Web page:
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Now THAT's interesting ! I haven't a fast connection,
so I just listened to 2 "French native speakers" until
now (one from Nice and the other one from Gabon). It
couldn't hear any Southern French accent in the
pronunciation of the woman from Nice, but surely some
French accent. The most typical is the pronunciation
of "plastic": typically, when a French sees a word
he/she already knows from French, he/she pronounces it
just like in French (plastique), thinking "haha, this
one I know !" But it seems that the "academic
learning" brings a very difficult reading: she just
deciphers like a child at school (or maybe it comes
from the sound file ? doesn't seem so, the woman from
Gabon speaks somehow more fluently). Very interesting
too, the narrow and monotonous voice register: when an
English speaker would use at least 3 octaves, a French
seems to use less than a half...

But now I would like to find Anglo-Saxon accents ! So
at last I could hear pronouncing "ku%\=" for "cure"
(I think my IPA is not very famous yet, maybe it will
improve :-)

--- [log in to unmask] wrote:
> Mark J. Reed scripsit:
> > http://classweb.gmu.edu/accent has a fascinating
> survey of
> > 300+ different English speakers (including natives
> from a variety of locales
> > as well as non-natives of many different
> backgrounds) reading the same
> > paragraph.
>
> Fascinating material.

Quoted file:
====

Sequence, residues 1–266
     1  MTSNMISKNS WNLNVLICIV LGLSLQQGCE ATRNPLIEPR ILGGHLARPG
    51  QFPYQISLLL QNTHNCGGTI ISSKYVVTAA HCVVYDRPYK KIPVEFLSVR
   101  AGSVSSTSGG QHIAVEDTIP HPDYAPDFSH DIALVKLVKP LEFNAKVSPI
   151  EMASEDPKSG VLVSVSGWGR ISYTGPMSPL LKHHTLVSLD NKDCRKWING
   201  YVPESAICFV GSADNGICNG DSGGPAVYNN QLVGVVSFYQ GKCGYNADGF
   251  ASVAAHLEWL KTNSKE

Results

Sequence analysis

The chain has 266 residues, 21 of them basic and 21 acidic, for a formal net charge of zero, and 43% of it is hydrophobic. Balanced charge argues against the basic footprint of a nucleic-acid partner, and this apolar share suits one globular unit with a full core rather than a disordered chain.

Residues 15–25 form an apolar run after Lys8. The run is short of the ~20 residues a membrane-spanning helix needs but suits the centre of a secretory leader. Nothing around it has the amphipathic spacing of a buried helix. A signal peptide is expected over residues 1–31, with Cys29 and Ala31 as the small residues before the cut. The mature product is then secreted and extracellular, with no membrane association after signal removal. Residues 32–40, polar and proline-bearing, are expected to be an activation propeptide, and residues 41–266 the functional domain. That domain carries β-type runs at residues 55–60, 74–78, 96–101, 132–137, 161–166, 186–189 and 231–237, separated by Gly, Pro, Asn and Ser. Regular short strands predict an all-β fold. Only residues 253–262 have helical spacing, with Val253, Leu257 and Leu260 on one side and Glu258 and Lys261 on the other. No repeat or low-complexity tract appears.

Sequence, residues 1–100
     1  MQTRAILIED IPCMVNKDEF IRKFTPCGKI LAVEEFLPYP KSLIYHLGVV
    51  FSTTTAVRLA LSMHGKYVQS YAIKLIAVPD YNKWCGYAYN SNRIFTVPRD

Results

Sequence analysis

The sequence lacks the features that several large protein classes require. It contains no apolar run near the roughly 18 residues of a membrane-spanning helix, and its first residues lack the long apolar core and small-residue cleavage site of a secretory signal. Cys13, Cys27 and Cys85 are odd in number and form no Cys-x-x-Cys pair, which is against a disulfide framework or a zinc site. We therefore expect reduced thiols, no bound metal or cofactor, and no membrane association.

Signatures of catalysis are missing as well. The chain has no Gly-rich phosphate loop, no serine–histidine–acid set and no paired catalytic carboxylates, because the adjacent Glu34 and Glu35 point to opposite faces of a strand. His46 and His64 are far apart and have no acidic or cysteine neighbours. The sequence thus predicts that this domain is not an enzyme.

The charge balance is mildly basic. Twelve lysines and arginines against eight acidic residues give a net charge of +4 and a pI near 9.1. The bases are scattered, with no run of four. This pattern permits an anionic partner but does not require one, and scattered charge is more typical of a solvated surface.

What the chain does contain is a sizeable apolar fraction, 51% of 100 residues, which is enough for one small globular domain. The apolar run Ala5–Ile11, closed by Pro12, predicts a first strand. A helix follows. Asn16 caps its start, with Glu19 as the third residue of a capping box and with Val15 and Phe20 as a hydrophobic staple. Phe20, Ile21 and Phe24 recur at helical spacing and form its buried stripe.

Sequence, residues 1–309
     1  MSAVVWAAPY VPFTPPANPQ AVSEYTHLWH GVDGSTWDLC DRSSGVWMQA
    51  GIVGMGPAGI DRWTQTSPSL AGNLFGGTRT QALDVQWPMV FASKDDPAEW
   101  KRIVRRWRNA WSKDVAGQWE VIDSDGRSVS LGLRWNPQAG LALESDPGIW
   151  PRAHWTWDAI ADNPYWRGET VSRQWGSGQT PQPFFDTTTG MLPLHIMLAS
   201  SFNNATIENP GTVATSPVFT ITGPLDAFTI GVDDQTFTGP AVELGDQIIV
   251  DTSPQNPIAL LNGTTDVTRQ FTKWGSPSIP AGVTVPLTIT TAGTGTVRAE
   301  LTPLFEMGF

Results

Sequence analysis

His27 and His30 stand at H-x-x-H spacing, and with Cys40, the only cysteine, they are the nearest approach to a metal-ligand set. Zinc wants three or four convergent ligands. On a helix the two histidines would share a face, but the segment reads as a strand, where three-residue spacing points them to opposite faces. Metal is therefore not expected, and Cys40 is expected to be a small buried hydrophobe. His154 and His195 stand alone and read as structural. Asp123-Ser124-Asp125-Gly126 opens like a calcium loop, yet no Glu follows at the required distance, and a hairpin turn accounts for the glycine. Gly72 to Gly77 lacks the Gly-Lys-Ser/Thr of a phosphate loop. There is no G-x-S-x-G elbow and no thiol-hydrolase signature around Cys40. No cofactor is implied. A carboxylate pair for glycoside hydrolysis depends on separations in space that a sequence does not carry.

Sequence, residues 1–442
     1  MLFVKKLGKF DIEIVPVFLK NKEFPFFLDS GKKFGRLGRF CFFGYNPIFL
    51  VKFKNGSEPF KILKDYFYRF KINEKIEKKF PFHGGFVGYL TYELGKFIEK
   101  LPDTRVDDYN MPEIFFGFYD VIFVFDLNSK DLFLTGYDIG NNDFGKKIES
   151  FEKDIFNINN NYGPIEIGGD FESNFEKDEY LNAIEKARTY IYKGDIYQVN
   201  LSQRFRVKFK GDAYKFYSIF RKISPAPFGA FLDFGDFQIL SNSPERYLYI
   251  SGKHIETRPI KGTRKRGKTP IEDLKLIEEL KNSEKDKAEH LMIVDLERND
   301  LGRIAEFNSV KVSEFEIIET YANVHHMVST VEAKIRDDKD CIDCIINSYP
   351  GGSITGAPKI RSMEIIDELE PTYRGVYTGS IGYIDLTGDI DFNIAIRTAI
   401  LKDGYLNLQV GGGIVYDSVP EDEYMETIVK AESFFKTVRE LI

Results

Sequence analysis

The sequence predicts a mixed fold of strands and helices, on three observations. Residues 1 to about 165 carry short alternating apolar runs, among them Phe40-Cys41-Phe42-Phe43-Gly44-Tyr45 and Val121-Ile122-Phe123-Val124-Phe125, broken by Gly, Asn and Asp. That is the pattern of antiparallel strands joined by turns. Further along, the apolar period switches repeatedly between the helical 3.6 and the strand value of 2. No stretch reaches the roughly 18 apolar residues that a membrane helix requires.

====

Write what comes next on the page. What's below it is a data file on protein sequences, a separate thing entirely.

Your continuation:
>
> I note that the L1 speakers, like the L2 speakers,
> are on their best
> linguistic behavior: the speech samples are
> uniformly clear and slowly
> and carefully spoken.  None of them are "dialect
> speakers" in the
> classic sense, but it is clear that the Americans
> are using regional
> norms, whereas the English are using various
> approximations to RP.
> (There are also two Australians and one speaker from
> Northern Ireland,
> about which I can't readily generalize).
>
> --
> John Cowan  www.ccil.org/~cowan
> www.reutershealth.com  [log in to unmask]
> [T]here is a Darwinian explanation for the refusal
> to accept Darwin.
> Given the very pessimistic conclusions about moral
> purpose to which his
> theory drives us, and given the importance of a
> sense of moral purpose
> in helping us cope with life, a refusal to believe
> Darwin's theory may
> have important survival value. --Ian Johnston


=====
Philippe Caquant

"High thoughts must have high language." (Aristophanes, Frogs)


	
		
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